UX is a diverse field which combines many different disciplines. You’ll be expected to be a guru on visual ascetics, front-end development, human computer interaction, psychology, usability, human behavior, data analysis, information architecture, performance marketing, among others.
If that’s not enough, you’ll get into a project with a client and have to learn the industry, terms, and context for the system you’re designing. In order to survive, you have to be a learner and really enjoy the process of learning on the job. Otherwise, you’ll be pretty unhappy in the long run.
For the UX beginners, it can really be overwhelming… where do you even start? Don’t worry, I’ve got you covered. In this post, I’ll outline several options for getting up and running in UX.
1. Traditional Education: The degree route
Some may disagree with the relevance of higher education for UX designers… or IT professionals in general for that matter. But you shouldn’t let that deter you if it’s a fit for you. Traditional education has it’s place in the world, but I’ll agree that it’s definitely not for everyone.
For UX, there are a lot of different academic paths to the knowledge and skills you need. UX professionals pretty much come from every academic field. Making things worse, there aren’t many programs meant to be all inclusive for UXD. You can get a degree in Human-Computer Interaction (HCI), Computer Science, Web Design & Development, Interaction Design, Information Technology, New Media, the list of options is seemingly endless. You’ll need to look at the curriculum and possibly even go into each courses syllabus to see if it’s really what you’re looking.
Some examples of programs worth looking into:
1. MHCI+D at the University of Washington
2. The University of Texas at Austin iSchool
3. BDW at the University of Colorado at Boulder
4. Denver University
There are many others. For interaction design specifically, there is a massive list of Interaction Design degrees at Wikipedia.
If you already have a degree in a different field, definitely look into continuing or professional education options at the bigger schools. They’re typically cheaper and more focused on mid-career professionals and career changers.
Alternatively, you don’t have to get a degree. There are certificate programs available or you can just take a class or two. These days there are online or in-person opportunities all over the place.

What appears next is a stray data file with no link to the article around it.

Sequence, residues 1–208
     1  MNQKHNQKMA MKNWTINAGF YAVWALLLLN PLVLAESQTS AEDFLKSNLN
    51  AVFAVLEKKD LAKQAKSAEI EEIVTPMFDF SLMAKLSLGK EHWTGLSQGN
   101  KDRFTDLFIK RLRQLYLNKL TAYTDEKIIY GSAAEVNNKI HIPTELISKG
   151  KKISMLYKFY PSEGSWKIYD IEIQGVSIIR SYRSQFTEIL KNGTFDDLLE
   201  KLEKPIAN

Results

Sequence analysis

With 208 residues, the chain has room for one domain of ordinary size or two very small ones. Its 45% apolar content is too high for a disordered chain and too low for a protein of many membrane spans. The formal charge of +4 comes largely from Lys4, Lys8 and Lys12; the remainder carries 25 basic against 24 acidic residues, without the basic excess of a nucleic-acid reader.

2. Bootcamps: The crash course
Development bootcamps are definitely hot right now and don’t seem to be slowing down. You may not be aware but there are also design/UX bootcamps that are very similar. These are typically part time and utilize apprenticeship in addition to coursework and projects. This is a big difference with the dev camps which are typically full time and require people to quit their day jobs. A few of them are listed below for convenience:
3. Online Courses, Workshops & eBooks: The digital path
There’s been a lot of disruption in non-traditional education over the last decade. Many startups are tackling education and they’re hitting it from all sides. Luckily for us, many have courses and tracks relevant to our field.
Here’s some of the big ones:
- DesignLab (They were created specifically for teaching UX & Design)
- UDemy and SkillShare – Just do a search for UX Design and plenty of courses come up.
There are plenty of courses and ebooks from individuals as well, some worth exploring:
- Nathan Barry’s Photoshop for Interface Design
- Sacha Greif’s Step by Step UI Design
- Meng To’s Design + Code
Another I’d recommend for any one is Hack Design’s email course. It’s a great collection from a variety of instructors.
4. Apprenticeship: The guided path
I’m a huge fan of mentorship and apprenticeship especially because of the diversity in skills needed to be successful in UX. There’s a lot of different forms apprenticeship can take. You can get a formal coach or mentor (preferably some one that is actively working in the industry), casually learn from thought leaders in the industry, become a faculty aid, volunteer at a usability lab or get an internship.
Note: If reaching out to people for this type of help isn’t your thing, there are online courses that include a mentorship component, such as DesignLab.
At the agency I work at, we have UX interns and the experience they get is second to none. They get to work on client work (usually in the background but invaluable nonetheless) and have open access to professional designers and developers all over the office. If you do go this route, don’t be shy… no wallflowers allowed. Meet everyone, offer to help constantly, volunteer for everything and speak up early and often.
5. Teach Yourself: The self-taught course
There are a lot of resources for teaching yourself UX skills online, many are free and plenty that are not. Front-end development especially, I couldn’t possibly list all of those. While I believe very strongly in the power of mentorship from experienced professionals, there are definitely a lot of people capable of learning UX skills on their own. The vast majority of what I’ve learned when it comes to graphic design was self-taught (the development side I learned more from taking classes but that’s just me).
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To get started in the self-taught route, your first step is to plug in to the community. Check out the industry leading publications: Smashing Magazine, Designer News, UX Magazine, IXDA, User Interface Engineering, UX Booth, and google around for others. Follow other designers on twitter and dribbble. Then, read and watch everything you can get your hands on! I’ll have another post dedicated to books to read… there’s a lot. But for now, get searching on Amazon and read through reviews before buying.
Disclosure: Please note that some of the links above are affiliate links. I will earn a commission if you decide to make a purchase but at no additional cost to you.